It's a magical time of year. The off-key singing of Christmas carols. The fire hazard of dry pine trees decorated with strands of short-circuiting electrical lights. The barely enthusiastic expression on your son's face after he unwraps his brand new videogame and thanks you with a forced smile.
Yes, years ago your young one would jump all over the living room on Christmas morning proudly touting his newly acquired bit of gaming goodness with unbridled glee. But as he got older that youthful enthusiasm faded with each passing year.
Well, you can't really blame him. After all, you've bought the boy a videogame every Christmas since he was old enough to hold a controller. That makes you awesome. It also makes you predictable. You see, he's expecting the gift of gaming now. He also happens to be an expert on the exact size, shape and weight of a wrapped game, so he knows what's under the wrapping paper before he ever tears it off. It's not that he isn't grateful, he's just not surprised. What can you do?
Fear not, wayward parents, for I have several tips for keeping your gamer guessing on Christmas morning. You see, it's all in the delivery. Giving him a game in a way he isn't expecting will make things a lot more fun and drag a genuine smile out of him.
First thing's first. This particular strategy relies on the fact that console games come in DVD cases. If you're buying a hand-held or computer game, skip this section.
Still here? Awesome.
OK, as I noted above, if you simply wrap the game as is, the shape and weight will be enough to tip young Sherlock off to its contents. But that's OK. You're going to use this to your advantage.
Buy a pack of empty DVD cases. They usually come in packs of 10, but you really only need five. Now, you're a smart cookie, so you've probably already figured out where I'm going with this, wrap the empty cases individually and put them under the tree with the wrapped game. Junior will see the similarly sized gifts under the tree and won't know which one's the videogame.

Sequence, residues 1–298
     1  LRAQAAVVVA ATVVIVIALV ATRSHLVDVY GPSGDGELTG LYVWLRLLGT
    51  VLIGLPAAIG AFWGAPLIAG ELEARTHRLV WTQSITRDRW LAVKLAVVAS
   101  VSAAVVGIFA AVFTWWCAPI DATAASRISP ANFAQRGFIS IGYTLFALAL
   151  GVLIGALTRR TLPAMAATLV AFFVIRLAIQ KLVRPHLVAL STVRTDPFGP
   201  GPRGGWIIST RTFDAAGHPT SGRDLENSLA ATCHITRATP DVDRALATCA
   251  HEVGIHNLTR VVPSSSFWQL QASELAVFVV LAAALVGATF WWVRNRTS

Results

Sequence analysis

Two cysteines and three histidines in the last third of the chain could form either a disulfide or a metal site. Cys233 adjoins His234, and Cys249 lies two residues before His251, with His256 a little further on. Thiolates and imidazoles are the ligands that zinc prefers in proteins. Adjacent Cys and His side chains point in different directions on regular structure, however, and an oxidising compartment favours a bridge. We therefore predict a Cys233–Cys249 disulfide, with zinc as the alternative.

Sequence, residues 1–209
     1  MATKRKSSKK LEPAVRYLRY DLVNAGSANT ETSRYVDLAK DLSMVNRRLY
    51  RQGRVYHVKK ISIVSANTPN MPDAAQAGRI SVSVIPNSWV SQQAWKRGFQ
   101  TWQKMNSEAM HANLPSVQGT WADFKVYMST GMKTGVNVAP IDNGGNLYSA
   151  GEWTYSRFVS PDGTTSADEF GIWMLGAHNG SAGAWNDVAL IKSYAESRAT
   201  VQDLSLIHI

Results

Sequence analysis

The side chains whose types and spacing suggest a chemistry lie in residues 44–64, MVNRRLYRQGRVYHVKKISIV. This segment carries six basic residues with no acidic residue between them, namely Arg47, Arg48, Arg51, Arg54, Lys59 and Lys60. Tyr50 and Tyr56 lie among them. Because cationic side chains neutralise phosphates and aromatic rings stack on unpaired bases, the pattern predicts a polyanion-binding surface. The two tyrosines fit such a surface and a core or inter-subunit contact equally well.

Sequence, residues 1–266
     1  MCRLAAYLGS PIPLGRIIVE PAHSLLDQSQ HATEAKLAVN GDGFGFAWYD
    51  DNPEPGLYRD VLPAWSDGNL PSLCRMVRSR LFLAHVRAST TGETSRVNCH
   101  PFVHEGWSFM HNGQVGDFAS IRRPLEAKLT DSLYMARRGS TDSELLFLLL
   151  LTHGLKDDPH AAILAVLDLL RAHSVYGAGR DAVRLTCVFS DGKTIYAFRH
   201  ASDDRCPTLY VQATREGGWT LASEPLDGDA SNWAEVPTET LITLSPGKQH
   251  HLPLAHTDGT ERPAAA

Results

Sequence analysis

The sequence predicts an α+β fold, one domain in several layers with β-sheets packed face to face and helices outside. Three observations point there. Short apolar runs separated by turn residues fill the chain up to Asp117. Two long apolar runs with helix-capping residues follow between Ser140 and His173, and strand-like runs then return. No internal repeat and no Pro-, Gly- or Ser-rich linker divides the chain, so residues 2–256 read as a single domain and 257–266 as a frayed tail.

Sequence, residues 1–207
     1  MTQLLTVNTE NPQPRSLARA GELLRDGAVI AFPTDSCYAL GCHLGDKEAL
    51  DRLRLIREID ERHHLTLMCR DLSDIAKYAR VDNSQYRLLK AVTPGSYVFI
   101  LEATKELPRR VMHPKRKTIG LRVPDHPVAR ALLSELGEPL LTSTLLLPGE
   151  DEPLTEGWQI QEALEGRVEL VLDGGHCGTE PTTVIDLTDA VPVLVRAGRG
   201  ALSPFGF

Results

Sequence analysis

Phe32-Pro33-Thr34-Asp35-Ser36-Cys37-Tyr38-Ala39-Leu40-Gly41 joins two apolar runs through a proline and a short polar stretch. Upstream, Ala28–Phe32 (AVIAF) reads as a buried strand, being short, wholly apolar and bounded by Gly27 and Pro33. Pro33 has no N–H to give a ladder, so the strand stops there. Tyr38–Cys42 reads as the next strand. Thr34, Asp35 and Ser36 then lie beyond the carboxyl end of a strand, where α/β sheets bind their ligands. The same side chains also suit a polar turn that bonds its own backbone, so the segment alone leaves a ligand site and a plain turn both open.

That is, until he picks them up.
You can't underestimate the little guy. To him, the weight difference between a game and an empty DVD case is a dead giveaway. The problem is the game's instruction manual. Simulate the extra weight by stuffing a dozen index cards into each case. Throw in a blank DVD, too, if you have some lying around. Now you have five or six similarly-weighted and -sized boxes under the tree, and he won't know which one is the diamond in the rough.
See that smile creeping across the boy's face as he discovers the first empty case? He knows he's getting a game but sees that you're mixing things up a bit. You're making Christmas morning more fun, and he appreciates that.
A wrapped DVD case is easy to spot. Two or three stacked together? Not so much.
Take that console game and bundle it with two or three empty cases, or better yet, bargain-bin DVDs. If you really want to throw him off, don't stack them neatly. Wrap them with one facing one way and one facing the other. It makes a cross. Imagine what it looks like wrapped. Alternatively, you can wrap two games side by side. Just put a piece of cardboard above and below to help the package keep its shape.
This can also work with hand-held games. They're usually cheaper, so if you can afford to bundle a two or three together, go for it.
A less fun but certainly cheaper way to disguise your gift is to simply drop the game in a padded mailing envelope and wrap it that way.